"asenat29" via Flickr
There is only one thought that counts when it comes to gift giving: How much the gift recipient thinks the gift giver paid for the gift.
While that may seem a bit cynical, still there is a certain satisfaction that can come to both the gift giver and receiver when a gift seems to have a little more value than, well, it actually does.
Lindsay Sakraida at Deal News came out with a list of several items that fit the smaller bill. She recommends looking for designer products at mainstream retail chains. She refers to a Tory Burch Lunch Box that is only $19.99 at Target, for example, which could also make a nice makeup bag, she says.
Sakraida says pearl jewelry is a lot cheaper than it used to be, but "still exudes an air of class and elegance."
She also recommends Skullcandy Headphones (A Utah company), simple wallets made from leather, free gift cards available as promotions, quirky gifts that might be found at online stores such as ThinkGeek.com.
Sakraida recommends people give a nicely framed photograph of their family — to family members naturally.
And where better to get a good frame than a thrift store?
Max Wong at Wise Bread gives her own list of "great holiday gifts" that can be purchased at thrift stores.
Wong says a cashmere sweater for sale in a thrift store is still cashmere. "Since I live in pricey Los Angeles," she says, "100 percent cashmere sweaters cost a whopping $3.99 to $7.99 each at my local Goodwill store."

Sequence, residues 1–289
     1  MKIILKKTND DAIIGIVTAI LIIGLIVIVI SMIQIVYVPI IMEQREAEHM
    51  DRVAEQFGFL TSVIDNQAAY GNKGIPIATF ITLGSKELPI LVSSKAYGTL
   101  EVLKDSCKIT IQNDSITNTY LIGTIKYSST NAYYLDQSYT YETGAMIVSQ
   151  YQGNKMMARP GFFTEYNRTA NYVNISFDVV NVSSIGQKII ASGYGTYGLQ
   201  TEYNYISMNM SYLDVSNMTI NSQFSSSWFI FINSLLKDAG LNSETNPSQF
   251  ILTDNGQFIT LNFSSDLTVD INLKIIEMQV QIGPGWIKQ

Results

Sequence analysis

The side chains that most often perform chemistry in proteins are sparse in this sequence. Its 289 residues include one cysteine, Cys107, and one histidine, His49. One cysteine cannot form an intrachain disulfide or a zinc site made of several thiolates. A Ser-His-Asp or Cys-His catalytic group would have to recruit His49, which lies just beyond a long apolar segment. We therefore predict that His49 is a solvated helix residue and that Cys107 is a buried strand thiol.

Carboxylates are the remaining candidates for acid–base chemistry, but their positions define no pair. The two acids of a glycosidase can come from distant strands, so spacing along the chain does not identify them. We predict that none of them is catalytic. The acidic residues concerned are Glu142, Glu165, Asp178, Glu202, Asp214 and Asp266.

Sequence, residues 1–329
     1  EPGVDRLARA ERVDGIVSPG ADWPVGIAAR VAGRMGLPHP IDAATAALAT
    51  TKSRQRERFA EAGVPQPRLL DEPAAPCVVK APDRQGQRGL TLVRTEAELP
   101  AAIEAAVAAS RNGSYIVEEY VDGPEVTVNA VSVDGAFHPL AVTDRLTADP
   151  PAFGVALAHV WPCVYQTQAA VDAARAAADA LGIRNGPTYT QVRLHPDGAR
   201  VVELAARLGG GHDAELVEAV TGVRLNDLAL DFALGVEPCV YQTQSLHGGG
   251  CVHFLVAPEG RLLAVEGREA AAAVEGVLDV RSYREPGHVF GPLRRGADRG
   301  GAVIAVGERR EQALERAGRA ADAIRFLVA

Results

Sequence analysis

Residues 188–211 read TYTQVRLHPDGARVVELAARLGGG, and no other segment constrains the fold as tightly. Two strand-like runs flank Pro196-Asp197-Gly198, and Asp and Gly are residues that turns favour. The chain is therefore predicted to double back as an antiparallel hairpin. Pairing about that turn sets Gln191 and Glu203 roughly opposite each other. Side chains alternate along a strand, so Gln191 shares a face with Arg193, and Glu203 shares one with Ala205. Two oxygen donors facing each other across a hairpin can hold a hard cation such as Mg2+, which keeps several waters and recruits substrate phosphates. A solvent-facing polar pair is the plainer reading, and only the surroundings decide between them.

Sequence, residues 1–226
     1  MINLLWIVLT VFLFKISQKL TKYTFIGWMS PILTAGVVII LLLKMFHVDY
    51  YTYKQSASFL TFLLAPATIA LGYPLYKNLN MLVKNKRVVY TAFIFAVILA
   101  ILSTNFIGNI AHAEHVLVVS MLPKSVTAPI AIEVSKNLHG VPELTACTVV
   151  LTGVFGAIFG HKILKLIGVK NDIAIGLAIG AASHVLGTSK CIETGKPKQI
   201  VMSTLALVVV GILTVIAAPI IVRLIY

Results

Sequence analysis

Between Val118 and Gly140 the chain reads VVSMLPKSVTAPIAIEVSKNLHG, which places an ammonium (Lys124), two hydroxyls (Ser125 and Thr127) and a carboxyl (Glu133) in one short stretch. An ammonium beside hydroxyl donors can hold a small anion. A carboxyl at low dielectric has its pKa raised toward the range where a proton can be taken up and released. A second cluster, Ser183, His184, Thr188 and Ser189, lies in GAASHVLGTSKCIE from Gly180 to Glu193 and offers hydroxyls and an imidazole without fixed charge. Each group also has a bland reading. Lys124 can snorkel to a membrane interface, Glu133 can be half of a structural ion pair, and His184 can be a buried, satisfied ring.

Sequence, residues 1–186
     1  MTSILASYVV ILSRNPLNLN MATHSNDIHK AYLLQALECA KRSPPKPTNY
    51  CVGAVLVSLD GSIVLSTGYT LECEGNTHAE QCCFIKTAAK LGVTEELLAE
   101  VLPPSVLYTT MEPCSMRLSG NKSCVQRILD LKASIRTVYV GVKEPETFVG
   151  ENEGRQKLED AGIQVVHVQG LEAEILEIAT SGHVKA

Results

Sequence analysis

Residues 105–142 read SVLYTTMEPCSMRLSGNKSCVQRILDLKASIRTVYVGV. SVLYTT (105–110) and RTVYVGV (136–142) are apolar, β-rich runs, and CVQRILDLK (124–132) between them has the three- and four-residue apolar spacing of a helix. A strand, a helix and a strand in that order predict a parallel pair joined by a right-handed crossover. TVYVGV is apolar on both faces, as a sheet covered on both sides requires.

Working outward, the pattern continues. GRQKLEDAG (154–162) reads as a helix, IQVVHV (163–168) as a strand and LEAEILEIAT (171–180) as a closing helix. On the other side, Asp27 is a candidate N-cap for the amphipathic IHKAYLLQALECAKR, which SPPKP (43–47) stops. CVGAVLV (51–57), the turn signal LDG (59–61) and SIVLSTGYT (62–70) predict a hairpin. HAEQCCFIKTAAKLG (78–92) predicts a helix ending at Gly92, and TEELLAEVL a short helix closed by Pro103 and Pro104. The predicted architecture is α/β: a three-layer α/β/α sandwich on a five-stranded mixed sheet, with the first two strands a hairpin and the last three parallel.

She also likes knitted items. Ugly art in nice frames can be replaced with better art. Fancy vases can punch up grocery store flowers to make a more impressive gift. Wong (who says she hasn't bought anything new in more than five years) says she buys nice vintage dinnerware. She loads up food on an interesting platter and leaves the cookies or whatever as a gift with the interesting plate.
For kids, people can create a dress-up bin full of fun clothes for the children to play in, she says.
But for family, there are gifts that are even better, Michael Lewis at Money Crashers says: "The best gifts for children are intangible, though substantial; they cost nothing in material terms, but have a value greater than any treasure."
Those gifts include unconditional love, confidence, imagination, determination, resilience and hope, Lewis says.
His recommended intangible gifts may cost the least amount of money, but require more thought than other gifts. And they are hard to wrap.
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